The interior like the exterior if beautifully constructed and executed, but what it really lacks is a touch of inspiration in the choice of the materials. Cleverness and Neatness of construction and Ideas are there in abundance. Take the door pockets designed in conjunction with the door armrests. At first appearance the arm rests appear short, cut off two thirds of the way down the door and apparently forcing the Window controls to the centre dash through lack of space. Look carefully at the full length door pocket though and see how it bulges in its final third. See how a cup fits and is held perfectly by its internal rib, see how lifting it out isn't obstructed by the armrest, see how much longer it will last than some thin plastic lightly sprung pretend CD ejector mechanism.
The Japanese have long since moved away from mimicking tacky Americana interiors, all they have to do now it pinch a touch of European industrial artistry. Perhaps kidnapping Audi's interior materials design team would do it.
Twin air bags add to the sense of security, typically though the glove box is rendered more like a small post box orifice by the passenger airbag.
Gliding around the traffic the steering is light and sharp, if slightly low geared. The wheels are pointed via a leather clad wheel which appears at first to be a little large in diameter and narrow of rim, but gives a delicate feel to the handling. Ride is just on the right side of firm. It reminds you that the road isnt smooth but never gets uncomfortable or intrusive.
Its often difficult to gauge the engines depth of power when masked by an Auto box. But only slightly enthusiastic starts have the front wheels chirping and light acceleration is dealt with without the box resorting to a hefty set of down shifts. At slow speed it spins around at 2500 rpm with the motor purring. The impression is that the engine has healthy low and mid range torque. Push a little harder and the box smoothly drops a gear as the motor lifts its skirts, half throttle squirts you around most adequately. On minor roads or in traffic there is no need to resort to kick down and the motor doesnt hunt in the way that underpowered autos tend too. The Mild set of VTEC cams appear to do their job.
Half an hour of lounging around have you itching to try out the full potential. On this night the first chance appears as I peel slowly off the busy A-roads on to the Motorway. Foot gently to the floor the Box drops rapidly from fourth to third, second, first the engine note rises to a staccato wail and the bonnet lifts to greet it. A few fleeting seconds time later I merge across the lanes and ease back in third and the box slips smoothly into top, the speedo has raced to 90 and I havent even noticed. You will be aware of the kick in the pants as the box picks up in first but the other changes have raced effortlessly by completely unnoticed. Electric pace without fuss and drama.
I didnt even get a chance to see where the change point was. So obviously I had to go and do it again a few times. Purely in the interest of enhancing scientific knowledge of course. ( for the record its just short of the 6500rpm red line)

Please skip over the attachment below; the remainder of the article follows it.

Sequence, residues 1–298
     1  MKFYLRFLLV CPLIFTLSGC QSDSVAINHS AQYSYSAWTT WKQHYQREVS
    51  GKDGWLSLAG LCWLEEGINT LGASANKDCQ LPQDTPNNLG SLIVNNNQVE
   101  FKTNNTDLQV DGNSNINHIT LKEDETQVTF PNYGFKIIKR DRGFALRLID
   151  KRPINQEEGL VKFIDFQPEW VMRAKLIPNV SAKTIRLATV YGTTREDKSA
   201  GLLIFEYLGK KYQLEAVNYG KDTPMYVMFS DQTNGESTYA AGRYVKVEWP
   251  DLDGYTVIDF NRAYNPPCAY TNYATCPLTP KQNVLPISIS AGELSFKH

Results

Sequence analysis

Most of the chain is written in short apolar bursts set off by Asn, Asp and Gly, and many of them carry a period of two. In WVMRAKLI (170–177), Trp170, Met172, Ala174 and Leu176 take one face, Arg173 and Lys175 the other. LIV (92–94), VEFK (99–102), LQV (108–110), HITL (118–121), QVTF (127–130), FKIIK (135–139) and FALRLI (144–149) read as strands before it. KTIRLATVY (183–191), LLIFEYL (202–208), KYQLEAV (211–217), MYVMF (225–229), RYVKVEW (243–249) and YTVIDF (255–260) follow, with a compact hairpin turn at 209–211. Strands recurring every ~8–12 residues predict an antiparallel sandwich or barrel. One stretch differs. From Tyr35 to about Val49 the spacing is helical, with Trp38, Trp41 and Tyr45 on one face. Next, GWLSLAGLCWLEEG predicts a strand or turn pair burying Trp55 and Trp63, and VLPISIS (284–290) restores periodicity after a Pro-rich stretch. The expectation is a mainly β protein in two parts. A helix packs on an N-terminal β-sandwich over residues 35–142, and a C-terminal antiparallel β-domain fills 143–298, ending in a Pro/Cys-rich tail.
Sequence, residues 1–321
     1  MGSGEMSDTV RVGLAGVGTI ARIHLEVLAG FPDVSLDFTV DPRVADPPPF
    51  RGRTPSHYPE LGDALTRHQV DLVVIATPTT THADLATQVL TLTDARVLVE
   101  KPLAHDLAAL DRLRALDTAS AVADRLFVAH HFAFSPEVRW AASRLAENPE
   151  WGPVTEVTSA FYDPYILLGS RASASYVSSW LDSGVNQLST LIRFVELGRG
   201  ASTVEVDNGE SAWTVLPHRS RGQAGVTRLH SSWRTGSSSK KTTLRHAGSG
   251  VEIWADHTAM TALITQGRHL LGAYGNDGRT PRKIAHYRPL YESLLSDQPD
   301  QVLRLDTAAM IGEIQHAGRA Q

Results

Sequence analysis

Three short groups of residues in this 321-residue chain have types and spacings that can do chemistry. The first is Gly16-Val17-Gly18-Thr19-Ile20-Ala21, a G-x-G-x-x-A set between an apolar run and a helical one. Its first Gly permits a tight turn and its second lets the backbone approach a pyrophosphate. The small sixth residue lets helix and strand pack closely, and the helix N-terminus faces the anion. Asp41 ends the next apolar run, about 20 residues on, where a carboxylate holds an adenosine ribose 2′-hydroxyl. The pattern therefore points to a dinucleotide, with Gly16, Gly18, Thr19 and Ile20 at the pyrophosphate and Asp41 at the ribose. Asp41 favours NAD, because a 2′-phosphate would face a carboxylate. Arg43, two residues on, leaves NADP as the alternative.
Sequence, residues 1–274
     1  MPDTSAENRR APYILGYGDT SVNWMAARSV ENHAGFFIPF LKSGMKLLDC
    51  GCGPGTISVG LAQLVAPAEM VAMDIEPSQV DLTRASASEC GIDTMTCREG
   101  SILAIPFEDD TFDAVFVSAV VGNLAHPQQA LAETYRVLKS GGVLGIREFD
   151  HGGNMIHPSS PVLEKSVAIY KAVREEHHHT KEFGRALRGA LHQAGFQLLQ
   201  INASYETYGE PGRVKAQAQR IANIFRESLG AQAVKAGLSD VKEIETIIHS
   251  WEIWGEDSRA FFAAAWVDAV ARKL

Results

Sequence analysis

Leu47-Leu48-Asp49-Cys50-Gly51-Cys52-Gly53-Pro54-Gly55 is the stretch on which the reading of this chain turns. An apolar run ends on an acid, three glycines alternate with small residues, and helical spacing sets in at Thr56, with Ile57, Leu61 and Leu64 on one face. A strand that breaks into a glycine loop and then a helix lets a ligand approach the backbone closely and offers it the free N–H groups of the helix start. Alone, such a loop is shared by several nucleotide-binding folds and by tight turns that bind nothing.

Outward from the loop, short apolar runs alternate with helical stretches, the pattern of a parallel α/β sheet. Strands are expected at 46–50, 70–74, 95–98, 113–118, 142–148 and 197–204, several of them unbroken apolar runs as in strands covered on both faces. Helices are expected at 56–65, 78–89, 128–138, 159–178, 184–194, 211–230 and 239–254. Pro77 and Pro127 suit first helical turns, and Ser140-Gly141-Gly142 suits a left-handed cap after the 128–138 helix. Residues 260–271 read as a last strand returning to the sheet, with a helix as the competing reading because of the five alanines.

The Auto box is a bit of a mixed blessing in the Accord. 4 forward speeds 1 2 - [D3] - [D4] are available. If your in the mood it clicks manually between them with lightning precision as its devoid of any daft wandering shift path. The shift is light switch light but in practice, you would either leave it in [D4] or click to [D3] to harden the mood. In full Auto mode use it changes almost telepathically at behest of the accelerator, holding gear happily on light throttle, shifting helpfully on part throttle and kicking down with only a slight pausing delay as it winds right down the box.
Despite the excellence of the Auto, you still cant help but think that its still a bit of a cross for the jewel of an Engine to bear sapping its power and shifting inside the wide power band but outside the VTEC peak. You are left wondering just how good it would be on those rare occasions when you really must use a Manual. If there is an engine that demands one of those flashy button fired 6 speed jobbies the Hondas VTEC must be it. Until that day comes most people would find little to complain about from this Auto.
If you measure the value of your vehicle by the space and size it gives you. Then you will probably end up slightly disappointed. Head, Leg and shoulder room are more than adequate in the front. But certainly its not as tall or wide as others in its class. But then as long as your not rubbing shoulders with your passenger, or sticking your head through the sunroof who cares. Rear seat space looks adequate though with only average sized front passengers stretching out it did start to disappear a little. The boot whilst being long and wide isnt very deep. It also suffers from a high lip. It will take quite large objects, but getting them in is a little more difficult. than it need to be.
All in all it may look a little anonymous, but the Honda has enough class to push it toward the top of the my favorite mid range saloon list - ignore the bar room bores and take a long hard look at the Honda Accord - a truly excellent car.